The author hits the range with the Kimber KDS9C, a modern take on the classic 1911.
In 2017, I wrote an article about the then-new Wilson Combat EDC X9 pistol for this magazine. I wrote that I was comfortable proclaiming that pistol as the best ever made. I felt it was akin to a $10 donut that, though you know it’s expensive, you pay the price because of the excessive watering in your mouth. And then, after thousands of rounds, it still tastes just as good as the first bite.
I still feel that way, but after a week of testing with the new Kimber KDS9C, I believe it’s something like a $7.50 donut. It might not be everything the EDC X9 is, but it’s damned close.
Kimber’s literature states that the KDS9C is the result of a ground-up development to provide a personal protection masterpiece. It’s clear, however, that Wilson Combat’s EDC X9 provided some inspiration. I don’t think that’s a bad thing: If you want to build the best pistol you can, it’s a good idea to emulate what’s arguably the best pistol ever made, and firearms designers have been doing this since firearms have been being designed. Most importantly, what Kimber has been able to do is provide a pistol that’s very similar to the EDC X9 at less than half the price.
The Details That Really Matter
The KDS9C has the 1911 look and utilizes the same linked-barrel, single-action operating system controlled by a manual thumb safety. But the KDS9C’s barrel is ramped, and the pistol doesn’t have a barrel bushing. Instead, the heavily fluted, 4.09-inch stainless-steel barrel, with its 20-degree crown, is perfectly fitted to the inside of the slide. And, the recoil spring plug is reversed so that it caps the 16.9-pound spring, but it inserts from the rear of the slide.
You don’t need a bushing wrench to field-strip this pistol; you simply retract the slide so that the notch is aligned with the slide stop and pull the slide stop out just as you do with a traditional 1911. Once the slide and frame are separated, you remove the recoil spring and spring plug, and then slide the barrel out the front of the slide.
The slide is what’s known as a tri-top. Forward of the ejection port, it’s grooved up to the rear of the dovetailed fiber-optic front sight. Behind the ejection port, there’s an optics plate that extends all the way to the rear sight, which actually holds it in place. Both the rear sight and the optics plate are a bit different from what is commonly seen on modern pistols: The rear sight is rather tall so that it can co-witness with a miniature red-dot, and it’s adjustable for elevation. (For windage adjustment, you’ll need to drift the front sight with a sight pusher.) But instead of the sight being dovetailed into the slide, it’s held in place by two screws that come up from the bottom of the slide. Once the rear sight has been removed, the optics plate comes off.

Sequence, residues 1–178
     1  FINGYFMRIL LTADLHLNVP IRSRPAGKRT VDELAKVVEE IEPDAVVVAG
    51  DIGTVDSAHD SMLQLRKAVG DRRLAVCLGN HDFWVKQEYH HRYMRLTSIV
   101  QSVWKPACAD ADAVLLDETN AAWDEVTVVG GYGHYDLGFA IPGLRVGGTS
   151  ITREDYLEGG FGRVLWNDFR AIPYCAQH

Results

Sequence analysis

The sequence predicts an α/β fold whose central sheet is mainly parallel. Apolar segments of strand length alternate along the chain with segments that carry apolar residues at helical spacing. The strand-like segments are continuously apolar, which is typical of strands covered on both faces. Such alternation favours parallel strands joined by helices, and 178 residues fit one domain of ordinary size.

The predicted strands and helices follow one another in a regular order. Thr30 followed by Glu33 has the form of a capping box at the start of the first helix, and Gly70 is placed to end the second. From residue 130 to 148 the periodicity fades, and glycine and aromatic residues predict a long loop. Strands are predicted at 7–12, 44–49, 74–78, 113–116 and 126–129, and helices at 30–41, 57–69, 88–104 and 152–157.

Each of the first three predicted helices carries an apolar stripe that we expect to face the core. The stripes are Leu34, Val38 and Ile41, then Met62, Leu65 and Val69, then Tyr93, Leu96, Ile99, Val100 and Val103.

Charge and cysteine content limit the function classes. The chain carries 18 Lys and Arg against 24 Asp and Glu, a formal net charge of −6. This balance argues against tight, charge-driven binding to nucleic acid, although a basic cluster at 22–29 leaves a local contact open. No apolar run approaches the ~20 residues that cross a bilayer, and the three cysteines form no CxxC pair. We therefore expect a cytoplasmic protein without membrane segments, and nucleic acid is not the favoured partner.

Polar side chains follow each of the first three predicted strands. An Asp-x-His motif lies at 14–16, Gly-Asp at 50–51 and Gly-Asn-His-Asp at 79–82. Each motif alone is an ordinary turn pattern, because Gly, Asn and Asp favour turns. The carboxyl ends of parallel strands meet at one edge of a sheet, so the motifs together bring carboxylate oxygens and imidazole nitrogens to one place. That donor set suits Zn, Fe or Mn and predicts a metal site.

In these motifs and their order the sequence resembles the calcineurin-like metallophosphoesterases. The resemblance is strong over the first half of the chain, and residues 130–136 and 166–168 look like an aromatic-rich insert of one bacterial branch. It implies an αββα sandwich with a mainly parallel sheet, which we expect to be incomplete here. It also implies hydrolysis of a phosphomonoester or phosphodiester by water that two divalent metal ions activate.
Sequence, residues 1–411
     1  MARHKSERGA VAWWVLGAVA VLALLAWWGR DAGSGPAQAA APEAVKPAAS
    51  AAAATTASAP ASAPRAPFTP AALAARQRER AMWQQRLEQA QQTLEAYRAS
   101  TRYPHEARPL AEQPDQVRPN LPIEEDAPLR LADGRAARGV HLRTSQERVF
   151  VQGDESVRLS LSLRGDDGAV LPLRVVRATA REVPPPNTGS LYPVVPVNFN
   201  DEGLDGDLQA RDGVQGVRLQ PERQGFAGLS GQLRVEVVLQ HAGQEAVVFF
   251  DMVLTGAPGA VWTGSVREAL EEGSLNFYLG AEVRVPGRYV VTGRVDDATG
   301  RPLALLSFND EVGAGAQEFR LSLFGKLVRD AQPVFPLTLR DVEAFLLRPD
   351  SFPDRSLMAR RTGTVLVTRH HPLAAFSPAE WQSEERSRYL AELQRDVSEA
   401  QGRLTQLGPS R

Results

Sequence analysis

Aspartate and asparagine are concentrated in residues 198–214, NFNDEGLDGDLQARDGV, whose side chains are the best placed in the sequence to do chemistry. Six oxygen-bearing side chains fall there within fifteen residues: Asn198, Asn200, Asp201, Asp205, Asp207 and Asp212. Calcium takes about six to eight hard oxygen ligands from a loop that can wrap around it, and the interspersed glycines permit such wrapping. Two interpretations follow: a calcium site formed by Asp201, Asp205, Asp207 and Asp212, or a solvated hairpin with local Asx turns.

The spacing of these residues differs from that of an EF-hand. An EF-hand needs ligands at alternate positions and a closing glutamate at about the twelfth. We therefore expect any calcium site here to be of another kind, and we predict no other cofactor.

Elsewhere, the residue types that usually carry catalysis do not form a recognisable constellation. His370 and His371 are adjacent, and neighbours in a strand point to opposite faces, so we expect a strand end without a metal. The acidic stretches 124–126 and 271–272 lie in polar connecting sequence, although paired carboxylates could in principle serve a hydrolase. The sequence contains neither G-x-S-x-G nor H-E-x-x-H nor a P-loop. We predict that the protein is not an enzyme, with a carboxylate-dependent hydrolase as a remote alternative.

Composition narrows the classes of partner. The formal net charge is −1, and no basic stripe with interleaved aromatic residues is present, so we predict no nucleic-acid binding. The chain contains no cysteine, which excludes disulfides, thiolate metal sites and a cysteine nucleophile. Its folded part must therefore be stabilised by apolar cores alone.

To fit a miniature reflex sight to the KDS9C, you’ll need a base plate that’s available from Kimber and comes with the RMSC/Holosun-K footprint. After installation, you’ll also need a new and taller front sight. You can return your slide to Kimber for the installation of the taller front sight, or you can order the front sight and attempt it yourself. However, the KDS9C owner’s manual states, “Please do not attempt to drift the front sight with a punch and hammer, as damage may occur, which will not be covered under warranty.”
The optics compatibility of the KDS9C is innovative and well-engineered; however, simply providing the pistol with a front sight of the proper height might have made more sense—tall front sights are not a bad thing, even without a miniature reflex sight installed.
The slide also has deep and wide grasping grooves, and it’s fitted with an external extractor. Also, the bottom of the nose/front of the slide is cut at an angle and gives the pistol a rakish appearance. The profile reminds me of the old 1968-era Steyr GB pistol, and of a 2009-era custom 1911 called the Gaboon that was offered for a short time by LST, a custom maker out of West Virginia. The Gaboon also utilized a reverse recoil spring plug.
Like A 1911, But Different
The KDS9C’s frame is where you see the real departure from a conventional 1911. This is a wide-body frame that feeds from proprietary Kimber magazines that hold 15 rounds. It has a reversible—oval instead of round—magazine release button, large crosshatch grooving on the front strap and an undercut trigger guard. The most notable departure is the lack of a grip safety. However, there’s still a mainspring housing, and there’s a deep beavertail tang in place of the grip safety.